An Uncomfortable Song & Dance
I’m a big fan of older films, including musicals, and, like many buffs, I’ve found myself in the “no one likes to watch black & white movies, and that goes double for musicals” discussion.
While I do agree that a large portion of the viewing population is lost to the simple visual issue of aesthetics, I think many of my fellow enthusiasts downplay the fact that a lot of old film content is simply unpleasant. The glossing of the silver screen has lead me to notice some uncomfortable naïveté.For example, were you aware that in 2007 the MPAA, who gives the motion pictures their ratings, decided that excessive smoking can lead to a film being rated R? It’s apparently why Sigourney Weaver’s character begins Avatar as an intense smoker, then, midway through – post-MPAA announcement – she suddenly drops off.
I know from living with two recovering nicotine addicts that my personal safety is always improved by avoiding films with copious amounts of puffing, which excludes a lot of pre-’50s pieces.
While it’s never been especially all right to go around pummeling ladies, I’ve certainly had a few moments of “whoa” while watching older films. There’s a scene in The Philadelphia Story where Cary Grant covers Katherine Hepburn’s face with his palm and throws her to the floor – it’s played for comedy, and I think it works as such, but the first time I saw it I had to rewind to be sure that my eyes had just taken in what my brain was telling me they’d seen.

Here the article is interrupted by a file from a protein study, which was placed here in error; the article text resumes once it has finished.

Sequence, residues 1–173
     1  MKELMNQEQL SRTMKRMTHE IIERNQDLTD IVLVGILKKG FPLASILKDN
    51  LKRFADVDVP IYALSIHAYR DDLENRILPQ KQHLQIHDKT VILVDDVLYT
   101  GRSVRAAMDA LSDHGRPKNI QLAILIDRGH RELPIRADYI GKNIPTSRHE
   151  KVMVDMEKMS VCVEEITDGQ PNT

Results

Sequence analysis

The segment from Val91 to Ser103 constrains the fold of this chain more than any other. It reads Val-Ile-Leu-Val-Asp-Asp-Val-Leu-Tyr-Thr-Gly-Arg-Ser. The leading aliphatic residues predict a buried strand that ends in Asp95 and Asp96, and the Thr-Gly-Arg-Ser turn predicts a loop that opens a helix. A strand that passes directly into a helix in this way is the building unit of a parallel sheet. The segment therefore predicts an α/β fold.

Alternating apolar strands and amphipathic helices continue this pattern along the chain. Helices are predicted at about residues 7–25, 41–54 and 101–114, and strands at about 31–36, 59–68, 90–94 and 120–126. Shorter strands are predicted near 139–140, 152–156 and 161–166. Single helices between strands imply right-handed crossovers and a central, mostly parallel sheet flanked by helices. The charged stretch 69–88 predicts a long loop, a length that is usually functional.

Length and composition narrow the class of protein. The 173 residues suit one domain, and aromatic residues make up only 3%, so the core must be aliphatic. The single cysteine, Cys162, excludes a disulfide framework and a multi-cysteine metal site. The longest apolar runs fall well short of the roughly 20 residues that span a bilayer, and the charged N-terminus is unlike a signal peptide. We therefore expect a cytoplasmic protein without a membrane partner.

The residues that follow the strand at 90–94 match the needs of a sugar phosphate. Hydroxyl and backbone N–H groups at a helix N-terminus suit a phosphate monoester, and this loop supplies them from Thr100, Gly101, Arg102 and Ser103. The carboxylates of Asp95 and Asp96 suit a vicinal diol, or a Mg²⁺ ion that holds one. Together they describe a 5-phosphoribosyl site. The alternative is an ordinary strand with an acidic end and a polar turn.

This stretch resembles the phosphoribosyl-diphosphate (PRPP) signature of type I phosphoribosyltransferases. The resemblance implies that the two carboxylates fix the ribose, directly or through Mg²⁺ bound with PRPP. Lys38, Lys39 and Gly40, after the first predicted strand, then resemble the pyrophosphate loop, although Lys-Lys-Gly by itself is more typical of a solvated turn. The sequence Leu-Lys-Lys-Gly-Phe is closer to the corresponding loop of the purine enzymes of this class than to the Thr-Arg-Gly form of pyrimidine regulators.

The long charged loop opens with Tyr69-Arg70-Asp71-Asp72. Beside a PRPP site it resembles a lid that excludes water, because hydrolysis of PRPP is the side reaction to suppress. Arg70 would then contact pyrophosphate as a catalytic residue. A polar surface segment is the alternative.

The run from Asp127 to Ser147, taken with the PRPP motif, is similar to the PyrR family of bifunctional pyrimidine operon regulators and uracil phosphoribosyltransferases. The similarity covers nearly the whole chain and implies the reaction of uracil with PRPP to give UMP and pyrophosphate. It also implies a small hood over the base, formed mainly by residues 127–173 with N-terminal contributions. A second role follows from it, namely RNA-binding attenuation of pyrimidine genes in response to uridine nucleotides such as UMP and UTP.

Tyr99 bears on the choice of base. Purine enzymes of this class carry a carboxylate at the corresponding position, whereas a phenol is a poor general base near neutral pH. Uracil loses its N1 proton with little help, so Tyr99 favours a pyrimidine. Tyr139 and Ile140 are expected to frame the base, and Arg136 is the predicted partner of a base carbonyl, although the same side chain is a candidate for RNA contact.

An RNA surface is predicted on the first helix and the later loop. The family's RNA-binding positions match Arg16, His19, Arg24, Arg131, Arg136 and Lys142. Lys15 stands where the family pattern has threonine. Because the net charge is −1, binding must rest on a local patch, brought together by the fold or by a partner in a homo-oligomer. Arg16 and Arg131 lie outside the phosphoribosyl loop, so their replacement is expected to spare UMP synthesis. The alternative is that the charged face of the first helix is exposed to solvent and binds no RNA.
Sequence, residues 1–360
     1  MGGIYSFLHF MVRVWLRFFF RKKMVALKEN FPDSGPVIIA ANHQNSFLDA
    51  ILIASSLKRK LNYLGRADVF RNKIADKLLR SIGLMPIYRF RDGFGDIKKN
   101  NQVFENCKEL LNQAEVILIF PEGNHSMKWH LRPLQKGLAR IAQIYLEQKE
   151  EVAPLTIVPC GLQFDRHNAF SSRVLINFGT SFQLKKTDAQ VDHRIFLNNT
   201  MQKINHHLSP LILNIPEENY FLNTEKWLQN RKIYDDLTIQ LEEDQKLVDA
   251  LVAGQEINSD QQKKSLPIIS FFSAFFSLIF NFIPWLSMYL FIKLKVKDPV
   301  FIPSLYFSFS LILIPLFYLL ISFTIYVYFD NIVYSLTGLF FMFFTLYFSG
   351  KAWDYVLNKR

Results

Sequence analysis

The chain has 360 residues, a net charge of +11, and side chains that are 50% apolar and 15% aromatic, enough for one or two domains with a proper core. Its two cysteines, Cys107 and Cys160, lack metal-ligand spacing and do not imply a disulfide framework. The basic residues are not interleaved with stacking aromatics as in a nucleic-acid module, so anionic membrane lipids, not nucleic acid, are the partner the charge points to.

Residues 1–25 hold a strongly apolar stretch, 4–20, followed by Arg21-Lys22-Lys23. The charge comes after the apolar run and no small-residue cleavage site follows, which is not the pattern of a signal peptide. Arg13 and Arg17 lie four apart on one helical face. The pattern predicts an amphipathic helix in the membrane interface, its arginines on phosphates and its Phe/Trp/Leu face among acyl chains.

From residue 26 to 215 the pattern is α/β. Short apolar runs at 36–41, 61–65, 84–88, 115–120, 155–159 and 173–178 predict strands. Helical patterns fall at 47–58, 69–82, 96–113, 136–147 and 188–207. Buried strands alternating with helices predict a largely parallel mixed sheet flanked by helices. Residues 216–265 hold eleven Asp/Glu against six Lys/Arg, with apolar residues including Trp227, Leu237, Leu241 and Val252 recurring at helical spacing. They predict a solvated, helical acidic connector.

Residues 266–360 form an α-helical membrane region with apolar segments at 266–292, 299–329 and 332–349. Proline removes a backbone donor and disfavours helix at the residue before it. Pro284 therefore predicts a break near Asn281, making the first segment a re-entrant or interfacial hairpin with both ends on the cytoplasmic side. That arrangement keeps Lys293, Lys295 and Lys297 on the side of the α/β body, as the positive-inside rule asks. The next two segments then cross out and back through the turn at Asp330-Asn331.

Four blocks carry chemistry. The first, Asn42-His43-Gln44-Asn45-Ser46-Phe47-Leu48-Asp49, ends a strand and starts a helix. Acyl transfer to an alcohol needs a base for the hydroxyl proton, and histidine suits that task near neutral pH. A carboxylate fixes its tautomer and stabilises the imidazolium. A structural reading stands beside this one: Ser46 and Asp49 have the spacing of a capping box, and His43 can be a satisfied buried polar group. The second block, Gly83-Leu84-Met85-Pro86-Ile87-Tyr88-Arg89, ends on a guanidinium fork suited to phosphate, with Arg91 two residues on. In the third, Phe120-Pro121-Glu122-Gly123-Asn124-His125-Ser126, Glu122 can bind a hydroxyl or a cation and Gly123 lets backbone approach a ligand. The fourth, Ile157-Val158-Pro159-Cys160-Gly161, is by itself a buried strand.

It’s not that every third film had a wife-beater, but there was certainly a lot less room for an actress to be anything other than a saint or a hussy, and the use of ladies as MacGuffins to demonstrate villainous brutality can really grate on today’s viewers.
The worst offender, however – and this goes double for musicals – is casual racism.
It’s horrible enough to have a film with a groveling, illiterate black-servant character played for comedy, but there’s a period in musicals in which you can not avoid a well-known actor showing up, under a cake of makeup, to make the modern audience uncomfortable. The picture above is Fred Astaire, in blackface, for the movie Swing Time, which is otherwise a nice little dance & song flick, and the picture on left is Dorothy herself, Judy Garland, from Everybody Sing.
Toto, we’re not in the deep south anymore:
– and let’s not even discuss how much blackface Bing Crosby did.
The usual reaction is to say these problems are “of their time”, as if that gives them some pass – personally, I don’t mind glaring menacingly at the bad so that I might enjoy the good, but I also understand that people who don’t have the stomach for it are also “of their time.”